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Joaquín Fernández, tour guide: «I've been asked everything from why we moved the Tower of Hercules to whether the traditional hórreos (granaries) are mausoleums»



Joaquín Fernández lleva 14 años trabajando como guía turístico por toda Galicia.
Joaquín Fernández lleva 14 años trabajando como guía turístico por toda Galicia.

«Santiago always lives up to expectations, while San Andrés de Teixido always exceeds them», remarks the local tourism expert

21 sep 2023 . Actualizado a las 17:34 h.

—How has this summer been for you guides?

—It’s been a very, very good year. Peak season starts in spring, around Easter time, and lasts until October. In other words, it pretty much coincides with the summer.

—And what about the outlook for autumn?

—For us there is no let-up once the autumn starts. In fact, September and October are among the busiest months for tour guides. There is a lot more work than in July and August, which are oddly a pretty quiet period for us. During the summer season more people travel on their own, while organised trips tend to take place in spring and autumn.

—What is the top attraction among visitors to Galicia?

—Santiago de Compostela is the star attraction and what everyone wants to see. The cathedral is like the region’s calling card, the symbol of Galicia. Santiago never disappoints, though the cliffs and shoreline in the northern part of the province of A Coruña, running roughly from Ferrol to Cape Ortegal, never cease to amaze visitors because of just how spectacular they are.

—And your favourite place?

—San Andrés de Teixido. Everyone we take there says how incredible it is. It’s the real Galicia and never fails to impress. The horses and cows roaming around there are a source of constant amazement!

—What image do tourists have of Galicia when they arrive?

—They tend to think that Galicians are rather old-fashioned, traditional folk. As soon as they visit any of the seven cities here in Galicia they are surprised at how modern and liberal everything is and how friendly and open we all are.

—What’s the strangest question you’ve been asked?

—From what an apostle is to what a century is. One of the funniest was on a visit to the Fonseca academy in Santiago. I was asked, in all seriousness, if the statue of Alfonso de Fonseca, who sits with his head resting on his hand, much like The Thinker, was actually chatting away on his mobile phone. Let’s not forget that this statue is some 500 years old!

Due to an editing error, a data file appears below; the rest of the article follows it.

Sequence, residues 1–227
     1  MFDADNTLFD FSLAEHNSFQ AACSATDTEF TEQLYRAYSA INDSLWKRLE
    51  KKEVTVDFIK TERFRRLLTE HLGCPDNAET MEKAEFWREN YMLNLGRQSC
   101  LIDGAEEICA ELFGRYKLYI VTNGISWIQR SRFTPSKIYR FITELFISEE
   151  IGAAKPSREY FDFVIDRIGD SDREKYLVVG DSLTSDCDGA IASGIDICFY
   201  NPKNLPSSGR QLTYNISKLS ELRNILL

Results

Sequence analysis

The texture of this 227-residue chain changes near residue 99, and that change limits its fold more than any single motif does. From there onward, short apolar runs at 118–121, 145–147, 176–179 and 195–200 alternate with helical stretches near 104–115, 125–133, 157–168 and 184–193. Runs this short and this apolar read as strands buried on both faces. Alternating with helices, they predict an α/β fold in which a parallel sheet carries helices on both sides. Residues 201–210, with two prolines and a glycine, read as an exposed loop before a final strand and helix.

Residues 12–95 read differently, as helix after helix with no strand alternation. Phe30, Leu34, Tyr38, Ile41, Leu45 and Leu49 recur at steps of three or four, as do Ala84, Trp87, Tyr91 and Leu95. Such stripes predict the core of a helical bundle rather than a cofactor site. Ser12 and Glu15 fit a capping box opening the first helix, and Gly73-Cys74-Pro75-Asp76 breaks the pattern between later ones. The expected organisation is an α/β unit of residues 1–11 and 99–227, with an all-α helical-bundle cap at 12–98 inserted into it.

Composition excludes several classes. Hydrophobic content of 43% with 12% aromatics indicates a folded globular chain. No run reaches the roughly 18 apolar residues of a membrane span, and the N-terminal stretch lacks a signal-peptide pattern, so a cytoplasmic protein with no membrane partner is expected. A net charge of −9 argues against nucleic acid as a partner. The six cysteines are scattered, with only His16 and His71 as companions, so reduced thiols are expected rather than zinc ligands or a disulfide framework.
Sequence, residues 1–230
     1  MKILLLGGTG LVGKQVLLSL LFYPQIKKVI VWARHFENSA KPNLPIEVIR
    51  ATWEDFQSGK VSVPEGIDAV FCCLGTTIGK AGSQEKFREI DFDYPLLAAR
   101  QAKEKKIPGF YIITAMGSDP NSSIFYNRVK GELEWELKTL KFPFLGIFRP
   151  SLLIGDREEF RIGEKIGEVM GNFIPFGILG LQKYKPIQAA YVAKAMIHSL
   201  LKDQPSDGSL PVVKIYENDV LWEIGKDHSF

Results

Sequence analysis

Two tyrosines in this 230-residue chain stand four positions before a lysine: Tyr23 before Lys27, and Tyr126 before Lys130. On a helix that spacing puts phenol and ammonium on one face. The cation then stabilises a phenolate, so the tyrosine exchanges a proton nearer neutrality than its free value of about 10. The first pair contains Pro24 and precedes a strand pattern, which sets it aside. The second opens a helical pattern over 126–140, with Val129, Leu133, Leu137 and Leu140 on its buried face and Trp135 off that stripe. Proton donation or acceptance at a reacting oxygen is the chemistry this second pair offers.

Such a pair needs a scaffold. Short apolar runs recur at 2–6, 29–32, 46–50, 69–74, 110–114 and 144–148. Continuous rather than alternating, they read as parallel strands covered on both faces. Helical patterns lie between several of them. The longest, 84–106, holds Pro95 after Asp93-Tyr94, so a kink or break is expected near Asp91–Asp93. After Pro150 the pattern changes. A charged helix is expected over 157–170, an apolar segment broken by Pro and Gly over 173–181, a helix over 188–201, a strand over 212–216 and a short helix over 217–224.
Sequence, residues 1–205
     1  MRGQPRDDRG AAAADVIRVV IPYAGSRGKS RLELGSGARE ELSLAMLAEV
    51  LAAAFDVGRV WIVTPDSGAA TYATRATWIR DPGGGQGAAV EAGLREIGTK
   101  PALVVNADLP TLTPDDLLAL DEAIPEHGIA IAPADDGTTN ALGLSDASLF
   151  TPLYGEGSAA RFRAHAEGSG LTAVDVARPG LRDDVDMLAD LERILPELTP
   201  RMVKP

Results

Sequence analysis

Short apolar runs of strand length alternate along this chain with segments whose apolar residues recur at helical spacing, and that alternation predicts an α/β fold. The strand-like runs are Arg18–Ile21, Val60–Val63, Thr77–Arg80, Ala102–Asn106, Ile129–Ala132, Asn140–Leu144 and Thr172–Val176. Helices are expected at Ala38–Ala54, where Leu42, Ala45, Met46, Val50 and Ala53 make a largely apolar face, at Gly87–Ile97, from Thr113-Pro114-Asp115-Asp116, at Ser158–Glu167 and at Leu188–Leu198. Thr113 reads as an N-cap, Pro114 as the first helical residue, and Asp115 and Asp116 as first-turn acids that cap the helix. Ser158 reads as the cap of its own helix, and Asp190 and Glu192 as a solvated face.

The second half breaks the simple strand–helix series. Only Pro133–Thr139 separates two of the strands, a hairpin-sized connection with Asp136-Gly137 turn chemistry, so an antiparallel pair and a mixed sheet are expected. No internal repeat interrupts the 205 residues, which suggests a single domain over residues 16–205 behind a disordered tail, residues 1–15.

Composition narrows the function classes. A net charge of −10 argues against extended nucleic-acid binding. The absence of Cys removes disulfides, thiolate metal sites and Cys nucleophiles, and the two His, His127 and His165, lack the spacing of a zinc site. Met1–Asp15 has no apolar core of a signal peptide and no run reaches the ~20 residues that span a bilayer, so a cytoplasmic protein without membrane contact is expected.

—And the question that comes up again and again yet never ceases to amaze?

—Whether our traditional hórreos (granaries) are in fact mausoleums. Perhaps it’s because they often bear a cross, but not once, not twice, but on many occasions have I been asked if we bury our dead in our gardens here in Galicia. I also get asked a lot if there are any dangerous places to avoid. I always try to explain that the criminal elements here do not target tourists. You won’t run into any problems walking through the centre of any Galician city.

—Any tourists you haven’t been able to win over?

—One lady was quite adamant we had moved the Tower of Hercules. She was convinced that she had been here 50 years ago and had sat in front of the lighthouse dipping her feet in the sea, no matter how much I explained to her that it must have been at another lighthouse and that the tower had been in the same place for 1,800 years.

—Any funny anecdotes?

—Oh, too many to count over the years, though I do recall one involving an Italian lady on a trip to Santiago. She told me that she didn’t believe a word I was saying about the remains of James the Great being in the cathedral. But it wasn’t due to a lack of faith or because it seemed implausible: “How is it possible that he’s not in Rome?”, she proclaimed indignantly.

—A golden rule in your line of work?

—Never, ever talk about politics.